Insecurity can motivate, but it also eats you up inside. Eventually the damage of using insecurity as a power source outweighs any fixes it can attempt in your life.
Why This is an Extremely Hard Lesson to Learn
The lesson that insecurity is a terrible motivator and most self-improvement efforts based on it are doomed to fail doesn’t come easily.
I can still remember several years ago when I was terribly insecure about my social life. I had no girlfriend, few friends and little confidence. If any area of my life could have been describe as a gaping flaw, that was it.
My initial self-improvement efforts in that area failed miserably. It didn’t matter how much effort or work I put in, everything seemed to slide back to zero, and I was getting burnt out and frustrated by trying.
The way this finally turned around, surprisingly, wasn’t even from trying to fix it. It was from finding social activities I enjoyed and new groups of people. I joined Toastmasters, which helped me work on my speaking and confidence while allowing me to meet new people.
For a time, I still largely saw my social life as a flaw I needed to fix, but that no longer was the sole motivation for why I met new people or joined new groups. I did them because I actually enjoyed the activities.
Today I’m lucky to have a lot of friends and to have had some great relationships. But I still have insecurities. And almost always when I fall into the trap of pursuing some self-improvement goal based on those insecurities, I fall flat. It’s only when I’m driven by enthusiasm for the pursuit itself that I am successful.
Accept Your Insecurities, But Don’t Make them Your Destiny
My current advice would be to accept the insecurities you have about your life and yourself. Set your goals based on the desires you have, but within the pursuits that genuinely interest you.
But don’t make your flaws your destiny. Instead of going through cycles of insecurity and spurts of action, open yourself up to alternative possibilities. You don’t need to commit to them, simply expose yourself to enough of them. Because you might find, like I did, that some of the pursuits you really enjoy and are something you would be happy setting goals on.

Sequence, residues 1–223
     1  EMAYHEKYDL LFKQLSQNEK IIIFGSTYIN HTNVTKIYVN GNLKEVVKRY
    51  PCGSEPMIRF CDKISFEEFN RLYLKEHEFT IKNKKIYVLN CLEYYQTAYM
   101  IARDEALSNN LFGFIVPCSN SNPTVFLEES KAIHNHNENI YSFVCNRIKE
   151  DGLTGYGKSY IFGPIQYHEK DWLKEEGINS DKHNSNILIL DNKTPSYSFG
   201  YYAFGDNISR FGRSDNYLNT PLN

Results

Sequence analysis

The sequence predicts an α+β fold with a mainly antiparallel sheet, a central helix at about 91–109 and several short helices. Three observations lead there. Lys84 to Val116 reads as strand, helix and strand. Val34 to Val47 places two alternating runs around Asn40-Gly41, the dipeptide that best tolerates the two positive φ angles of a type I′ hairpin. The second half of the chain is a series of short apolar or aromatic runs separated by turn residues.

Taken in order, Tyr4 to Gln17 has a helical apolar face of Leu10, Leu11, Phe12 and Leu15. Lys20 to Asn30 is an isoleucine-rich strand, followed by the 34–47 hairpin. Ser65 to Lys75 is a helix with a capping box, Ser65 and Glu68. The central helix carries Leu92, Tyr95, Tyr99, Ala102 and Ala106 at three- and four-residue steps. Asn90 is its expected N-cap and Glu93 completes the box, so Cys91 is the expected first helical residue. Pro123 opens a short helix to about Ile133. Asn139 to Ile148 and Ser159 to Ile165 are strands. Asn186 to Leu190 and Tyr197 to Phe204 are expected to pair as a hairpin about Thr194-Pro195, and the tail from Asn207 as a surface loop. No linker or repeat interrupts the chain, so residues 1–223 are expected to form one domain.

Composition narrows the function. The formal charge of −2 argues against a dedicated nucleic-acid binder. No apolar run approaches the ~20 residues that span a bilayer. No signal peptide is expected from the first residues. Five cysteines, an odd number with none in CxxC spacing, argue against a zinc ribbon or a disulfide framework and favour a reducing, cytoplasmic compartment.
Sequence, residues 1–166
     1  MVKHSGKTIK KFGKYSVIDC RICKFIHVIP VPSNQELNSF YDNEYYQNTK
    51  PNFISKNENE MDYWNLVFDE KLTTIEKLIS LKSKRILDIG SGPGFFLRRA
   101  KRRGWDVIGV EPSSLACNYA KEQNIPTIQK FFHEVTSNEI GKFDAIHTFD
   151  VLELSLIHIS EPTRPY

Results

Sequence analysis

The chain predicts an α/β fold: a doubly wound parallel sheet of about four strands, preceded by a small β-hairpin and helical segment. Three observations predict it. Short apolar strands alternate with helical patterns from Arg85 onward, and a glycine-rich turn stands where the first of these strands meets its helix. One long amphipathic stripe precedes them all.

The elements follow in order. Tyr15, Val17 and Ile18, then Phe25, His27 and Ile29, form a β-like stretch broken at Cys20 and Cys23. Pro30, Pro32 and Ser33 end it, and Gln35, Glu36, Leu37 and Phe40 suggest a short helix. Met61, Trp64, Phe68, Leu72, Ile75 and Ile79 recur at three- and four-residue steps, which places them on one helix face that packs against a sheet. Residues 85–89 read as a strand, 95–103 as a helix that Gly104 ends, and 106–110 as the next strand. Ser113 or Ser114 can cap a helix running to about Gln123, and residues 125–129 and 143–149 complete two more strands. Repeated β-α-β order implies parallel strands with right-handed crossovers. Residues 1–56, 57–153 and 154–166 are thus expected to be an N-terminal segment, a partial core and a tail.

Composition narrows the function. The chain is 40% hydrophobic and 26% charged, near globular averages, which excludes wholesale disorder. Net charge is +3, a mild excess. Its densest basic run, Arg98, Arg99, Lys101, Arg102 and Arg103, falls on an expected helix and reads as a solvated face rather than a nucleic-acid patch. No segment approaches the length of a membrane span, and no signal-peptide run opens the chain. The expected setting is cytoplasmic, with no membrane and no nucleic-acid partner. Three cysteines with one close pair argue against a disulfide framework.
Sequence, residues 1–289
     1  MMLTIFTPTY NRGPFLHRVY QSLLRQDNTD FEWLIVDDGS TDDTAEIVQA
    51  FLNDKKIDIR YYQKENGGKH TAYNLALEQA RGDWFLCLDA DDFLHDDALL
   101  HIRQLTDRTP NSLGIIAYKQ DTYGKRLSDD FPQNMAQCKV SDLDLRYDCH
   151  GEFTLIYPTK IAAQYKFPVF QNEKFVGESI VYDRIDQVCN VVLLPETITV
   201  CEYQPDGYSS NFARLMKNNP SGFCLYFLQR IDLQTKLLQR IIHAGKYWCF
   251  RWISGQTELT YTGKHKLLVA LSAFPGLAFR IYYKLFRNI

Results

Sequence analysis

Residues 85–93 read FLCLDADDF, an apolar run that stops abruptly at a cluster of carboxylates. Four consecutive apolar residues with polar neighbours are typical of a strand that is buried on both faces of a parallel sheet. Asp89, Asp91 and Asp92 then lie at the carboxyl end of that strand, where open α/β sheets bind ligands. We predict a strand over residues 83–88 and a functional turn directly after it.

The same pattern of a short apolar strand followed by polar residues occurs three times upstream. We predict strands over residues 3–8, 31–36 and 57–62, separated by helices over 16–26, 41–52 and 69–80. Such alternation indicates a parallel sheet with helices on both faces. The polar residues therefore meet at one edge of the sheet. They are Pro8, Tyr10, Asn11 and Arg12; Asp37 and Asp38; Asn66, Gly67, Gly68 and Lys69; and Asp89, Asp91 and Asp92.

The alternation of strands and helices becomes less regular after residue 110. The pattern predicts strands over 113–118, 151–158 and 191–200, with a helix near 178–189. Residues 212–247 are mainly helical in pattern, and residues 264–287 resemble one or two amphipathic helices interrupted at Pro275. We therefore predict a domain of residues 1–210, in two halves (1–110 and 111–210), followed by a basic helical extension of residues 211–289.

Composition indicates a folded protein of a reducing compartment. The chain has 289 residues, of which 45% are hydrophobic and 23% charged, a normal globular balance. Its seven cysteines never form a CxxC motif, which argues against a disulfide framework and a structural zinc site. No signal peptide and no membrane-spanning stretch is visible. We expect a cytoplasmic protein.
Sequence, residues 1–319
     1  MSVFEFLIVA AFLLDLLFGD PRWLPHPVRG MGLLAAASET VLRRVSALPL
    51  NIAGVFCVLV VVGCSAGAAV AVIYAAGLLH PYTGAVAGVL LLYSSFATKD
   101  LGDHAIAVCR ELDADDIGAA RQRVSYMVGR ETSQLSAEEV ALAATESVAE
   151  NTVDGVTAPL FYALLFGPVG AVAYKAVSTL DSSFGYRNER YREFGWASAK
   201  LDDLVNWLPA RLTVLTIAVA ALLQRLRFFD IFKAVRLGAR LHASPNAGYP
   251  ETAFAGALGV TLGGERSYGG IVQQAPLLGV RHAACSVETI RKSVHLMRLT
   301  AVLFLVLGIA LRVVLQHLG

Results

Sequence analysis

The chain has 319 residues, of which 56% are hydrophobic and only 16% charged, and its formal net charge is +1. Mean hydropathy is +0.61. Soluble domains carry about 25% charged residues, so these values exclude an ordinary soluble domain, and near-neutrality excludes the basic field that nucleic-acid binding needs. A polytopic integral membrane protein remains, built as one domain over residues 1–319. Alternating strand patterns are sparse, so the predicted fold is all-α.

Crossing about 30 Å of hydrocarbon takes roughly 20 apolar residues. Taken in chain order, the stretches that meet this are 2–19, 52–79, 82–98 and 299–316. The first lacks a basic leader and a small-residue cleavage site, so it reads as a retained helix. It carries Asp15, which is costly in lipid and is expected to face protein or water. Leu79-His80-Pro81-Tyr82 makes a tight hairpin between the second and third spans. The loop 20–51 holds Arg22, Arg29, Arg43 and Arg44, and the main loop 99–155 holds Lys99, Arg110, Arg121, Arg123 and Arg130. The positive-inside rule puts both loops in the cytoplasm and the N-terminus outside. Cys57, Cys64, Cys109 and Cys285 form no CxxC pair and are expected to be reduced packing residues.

If I were to go back to give my former self advice, it would be to adopt this attitude mixing acceptance and openness. I should have accepted my lousy social life fully, but at the same time left myself open to possibilities of joining new groups or taking on new activities.
If someone felt insecure about their body image, I’d probably offer similar advice. Don’t force yourself to go to gym programs you hate and take on diets that give up everything you love to eat. Otherwise, you’ll probably just be one of Dr. Seligman’s statistics in the long run with little to show for your effort.
But at the same time, open yourself up to the possibility that there might be some way to live a healthy life you could be really interested in. You might really enjoy mountain climbing or salsa dancing, but just haven’t had the chance to embrace those alternatives.
Is it Possible to Fix Your Life?
I might be going against the anything-is-possible, infinitely-malleable human nature ethos of our times, but I’d say no: it’s not possible to fix your life. At least if that’s how you phrase the question.
It’s certainly possible to live a better life and to become a better person. I wouldn’t be writing here if I didn’t believe that. But we might have to give up the notion that we can fix everything we don’t like about ourselves.
There is enormous potential to create, and our ambitions can be well-rewarded if we work hard and persist at them. But this creative potential has to be driven from an enthusiasm for the road ahead, not the doubts we all have about the place we’re standing.
Image courtesy of CarbonNYC.